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80 Lower Receiver Jig - What to Look For When Building It

Posted by Jordan Vinroe on Dec 16th 2019

An 80% lower receiver has been 80% completed. The other 20% will need to be finished, by the gun owner, to be a working firearm. This task will require an 80 lower receiver jig.

Know Your Purpose & Follow Instructions

First, you will have to decide what kind of build you want to complete. Then you can decide which type of  80% lower receiver to buy. This will, then, determine what type of 80 lower receiver jig to use.

Before jumping into this project blindly, familiarize yourself with the entire process by thoroughly reading or watching the instructions included with your jig. If you try and figure it out along the way, you are more likely to make mistakes that can not be reversed. Gather all your supplies together and make sure you have a clear working space. All individual components of an 80 lower jig should be clearly labeled and coordinate with supplied step-by-step instructions.

Types Of Receivers

There is only one correct way to finish an 80% lower receiver - with an 80 lower receiver jig. There are  three types of aluminum receivers and a polymer available:

Billet aluminum - a billet, or milled receiver, is precisely cut from a pure aluminum block by a machinist, to certain specifications. They’re intricately designed and tend to have cleaner lines.

Forged aluminum - a forged receiver is created using a mold and forging two aluminum parts together in heat. The molten aluminum is poured into a mold then the lower is pressed into its final shape using extreme heat and pressure.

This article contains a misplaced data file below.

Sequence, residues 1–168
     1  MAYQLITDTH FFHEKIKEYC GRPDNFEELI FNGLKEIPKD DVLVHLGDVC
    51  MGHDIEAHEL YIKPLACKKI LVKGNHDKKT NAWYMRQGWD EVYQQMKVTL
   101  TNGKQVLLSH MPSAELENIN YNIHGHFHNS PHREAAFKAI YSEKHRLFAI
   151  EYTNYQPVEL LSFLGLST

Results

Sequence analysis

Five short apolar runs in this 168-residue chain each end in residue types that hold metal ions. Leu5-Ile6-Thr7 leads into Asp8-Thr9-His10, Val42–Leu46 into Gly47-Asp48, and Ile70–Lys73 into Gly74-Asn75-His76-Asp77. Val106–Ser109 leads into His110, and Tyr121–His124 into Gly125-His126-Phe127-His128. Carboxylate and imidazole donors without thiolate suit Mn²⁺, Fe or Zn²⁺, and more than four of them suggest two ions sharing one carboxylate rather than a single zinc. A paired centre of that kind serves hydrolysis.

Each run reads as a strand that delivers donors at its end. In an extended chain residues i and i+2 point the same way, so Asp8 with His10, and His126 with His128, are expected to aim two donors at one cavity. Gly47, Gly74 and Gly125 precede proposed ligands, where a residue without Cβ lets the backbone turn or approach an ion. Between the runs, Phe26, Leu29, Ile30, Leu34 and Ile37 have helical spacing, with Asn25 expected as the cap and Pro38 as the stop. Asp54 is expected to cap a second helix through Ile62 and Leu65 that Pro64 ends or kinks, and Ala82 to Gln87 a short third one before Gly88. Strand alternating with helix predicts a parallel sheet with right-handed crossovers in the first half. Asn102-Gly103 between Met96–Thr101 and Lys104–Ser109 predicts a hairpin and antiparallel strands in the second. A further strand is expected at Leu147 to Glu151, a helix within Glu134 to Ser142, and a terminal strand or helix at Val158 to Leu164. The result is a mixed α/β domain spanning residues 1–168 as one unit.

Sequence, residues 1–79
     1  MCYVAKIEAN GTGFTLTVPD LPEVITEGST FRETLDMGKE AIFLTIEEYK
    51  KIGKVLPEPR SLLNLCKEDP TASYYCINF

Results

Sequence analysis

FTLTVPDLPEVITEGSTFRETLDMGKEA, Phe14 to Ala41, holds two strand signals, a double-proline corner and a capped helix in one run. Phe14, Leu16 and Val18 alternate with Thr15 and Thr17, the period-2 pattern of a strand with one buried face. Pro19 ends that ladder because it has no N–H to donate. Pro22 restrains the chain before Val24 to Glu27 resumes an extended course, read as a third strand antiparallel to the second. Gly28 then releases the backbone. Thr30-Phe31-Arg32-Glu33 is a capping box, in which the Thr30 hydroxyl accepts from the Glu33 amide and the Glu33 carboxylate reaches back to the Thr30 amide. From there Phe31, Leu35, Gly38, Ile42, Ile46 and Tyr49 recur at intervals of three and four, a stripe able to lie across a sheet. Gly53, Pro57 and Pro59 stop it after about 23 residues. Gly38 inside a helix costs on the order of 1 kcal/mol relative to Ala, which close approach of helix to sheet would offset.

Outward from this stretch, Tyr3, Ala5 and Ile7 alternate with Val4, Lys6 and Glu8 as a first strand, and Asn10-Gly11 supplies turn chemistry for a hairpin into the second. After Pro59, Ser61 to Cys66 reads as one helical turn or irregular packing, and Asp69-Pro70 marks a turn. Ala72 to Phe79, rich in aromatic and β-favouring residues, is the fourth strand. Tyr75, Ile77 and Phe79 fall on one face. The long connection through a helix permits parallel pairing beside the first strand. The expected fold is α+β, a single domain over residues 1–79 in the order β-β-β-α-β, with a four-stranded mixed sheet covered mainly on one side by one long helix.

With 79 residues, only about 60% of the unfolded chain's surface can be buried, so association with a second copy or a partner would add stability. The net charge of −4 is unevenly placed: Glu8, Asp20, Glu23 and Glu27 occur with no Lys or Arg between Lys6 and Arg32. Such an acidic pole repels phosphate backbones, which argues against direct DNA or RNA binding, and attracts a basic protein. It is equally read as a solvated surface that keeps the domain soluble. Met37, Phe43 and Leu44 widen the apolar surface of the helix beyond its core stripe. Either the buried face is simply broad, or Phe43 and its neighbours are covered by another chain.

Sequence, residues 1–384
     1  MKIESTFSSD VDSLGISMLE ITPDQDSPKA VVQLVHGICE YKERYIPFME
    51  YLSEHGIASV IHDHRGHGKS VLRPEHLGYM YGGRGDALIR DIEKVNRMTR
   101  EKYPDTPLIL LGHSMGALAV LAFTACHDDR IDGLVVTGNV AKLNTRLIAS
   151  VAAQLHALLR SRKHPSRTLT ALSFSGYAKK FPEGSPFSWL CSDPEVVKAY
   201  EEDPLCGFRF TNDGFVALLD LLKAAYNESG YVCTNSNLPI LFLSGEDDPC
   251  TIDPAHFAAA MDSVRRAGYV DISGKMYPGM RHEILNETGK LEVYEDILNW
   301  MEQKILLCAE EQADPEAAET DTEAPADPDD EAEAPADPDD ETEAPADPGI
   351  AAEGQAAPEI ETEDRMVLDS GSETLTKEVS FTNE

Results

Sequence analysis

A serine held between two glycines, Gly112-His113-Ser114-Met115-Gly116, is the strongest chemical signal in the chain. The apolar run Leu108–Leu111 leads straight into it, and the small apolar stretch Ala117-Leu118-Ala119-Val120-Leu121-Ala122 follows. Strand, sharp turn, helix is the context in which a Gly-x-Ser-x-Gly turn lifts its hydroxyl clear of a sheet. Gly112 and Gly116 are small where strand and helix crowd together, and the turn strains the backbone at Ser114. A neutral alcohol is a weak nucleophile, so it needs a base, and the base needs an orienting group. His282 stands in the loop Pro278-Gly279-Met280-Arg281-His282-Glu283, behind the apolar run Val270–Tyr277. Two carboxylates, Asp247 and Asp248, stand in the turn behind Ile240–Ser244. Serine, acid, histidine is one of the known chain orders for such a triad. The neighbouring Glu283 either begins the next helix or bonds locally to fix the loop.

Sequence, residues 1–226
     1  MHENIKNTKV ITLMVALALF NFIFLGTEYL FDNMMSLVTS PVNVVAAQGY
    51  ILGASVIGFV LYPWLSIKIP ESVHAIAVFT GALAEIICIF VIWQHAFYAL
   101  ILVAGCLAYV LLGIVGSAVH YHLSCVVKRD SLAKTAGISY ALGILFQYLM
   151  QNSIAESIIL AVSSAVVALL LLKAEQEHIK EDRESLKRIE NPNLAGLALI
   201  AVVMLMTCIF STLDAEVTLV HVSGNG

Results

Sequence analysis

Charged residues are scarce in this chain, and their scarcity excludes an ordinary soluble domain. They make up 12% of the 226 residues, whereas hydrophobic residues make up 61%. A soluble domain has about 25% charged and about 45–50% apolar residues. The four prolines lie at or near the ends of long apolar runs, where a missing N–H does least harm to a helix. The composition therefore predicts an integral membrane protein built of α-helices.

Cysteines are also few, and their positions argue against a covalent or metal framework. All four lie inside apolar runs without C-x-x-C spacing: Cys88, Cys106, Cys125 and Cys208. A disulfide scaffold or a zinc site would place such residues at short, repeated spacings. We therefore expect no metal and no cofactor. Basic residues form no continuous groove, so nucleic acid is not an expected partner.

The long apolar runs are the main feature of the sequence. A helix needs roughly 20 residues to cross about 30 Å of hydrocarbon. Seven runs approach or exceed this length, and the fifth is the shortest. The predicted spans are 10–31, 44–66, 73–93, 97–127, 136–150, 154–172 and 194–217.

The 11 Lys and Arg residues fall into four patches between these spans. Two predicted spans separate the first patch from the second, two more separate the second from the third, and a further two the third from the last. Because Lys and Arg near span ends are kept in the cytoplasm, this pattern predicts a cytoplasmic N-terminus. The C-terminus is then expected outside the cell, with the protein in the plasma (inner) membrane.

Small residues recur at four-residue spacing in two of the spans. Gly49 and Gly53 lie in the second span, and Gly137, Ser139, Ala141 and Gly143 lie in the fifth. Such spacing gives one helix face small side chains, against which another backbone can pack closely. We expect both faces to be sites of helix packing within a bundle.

Cast aluminum - these lower receivers are not recommended because they typically contain hidden pockets, small cracks, or fissures. When drilling with an 80 lower receiver jig, there is a greater chance to damage the receiver. They are made by pouring A380 aluminum alloy into a mold. With no forging, the lower receiver is then left to harden into its final shape. These defects and imperfections could cause catastrophic failure.

AR-15 carbine rifle trigger and magazine up close

Nylon-Reinforced Polymer - polymer receivers have proven useful and are popular in the AR market. This kind of lower receiver includes a solid-core design to prevent cracking or failure.

With an 80% complete receiver, the safety selector hole, fire control group pocket, and the hammer and trigger pins will be incomplete. They will need to be carefully machined out using an 80 lower receiver jig to become a working firearm. The incomplete lower receiver should only be finished by the person who bought it, using the correct tools, including a jig.

About The Jig

A jig is mandatory for the completion of an 80% lower receiver. It will take care of the measuring and most of the work for you. It serves as a guide with built-in safeguards to prevent user error while milling out the remaining 20% or the receiver. Basically, it shows where and where not to drill and, generally, comes with a top plate and depth guides.